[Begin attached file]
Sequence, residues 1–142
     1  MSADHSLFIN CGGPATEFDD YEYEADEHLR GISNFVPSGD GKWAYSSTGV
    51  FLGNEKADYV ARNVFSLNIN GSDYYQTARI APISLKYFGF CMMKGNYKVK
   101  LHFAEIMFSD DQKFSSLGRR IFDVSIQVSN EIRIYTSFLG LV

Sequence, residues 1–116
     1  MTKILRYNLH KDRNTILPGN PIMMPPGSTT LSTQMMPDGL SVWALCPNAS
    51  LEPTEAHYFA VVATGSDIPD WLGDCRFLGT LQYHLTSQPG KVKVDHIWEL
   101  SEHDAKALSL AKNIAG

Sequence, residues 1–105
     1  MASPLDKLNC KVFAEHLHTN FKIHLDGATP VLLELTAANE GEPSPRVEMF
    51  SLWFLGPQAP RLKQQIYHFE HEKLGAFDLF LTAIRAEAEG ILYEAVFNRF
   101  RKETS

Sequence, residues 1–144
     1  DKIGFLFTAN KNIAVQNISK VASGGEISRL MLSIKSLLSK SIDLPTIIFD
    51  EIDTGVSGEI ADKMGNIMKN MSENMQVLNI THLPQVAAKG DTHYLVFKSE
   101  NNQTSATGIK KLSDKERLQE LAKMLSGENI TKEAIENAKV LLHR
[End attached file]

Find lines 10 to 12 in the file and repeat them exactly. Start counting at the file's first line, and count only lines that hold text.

     1  MASPLDKLNC KVFAEHLHTN FKIHLDGATP VLLELTAANE GEPSPRVEMF
    51  SLWFLGPQAP RLKQQIYHFE HEKLGAFDLF LTAIRAEAEG ILYEAVFNRF
   101  RKETS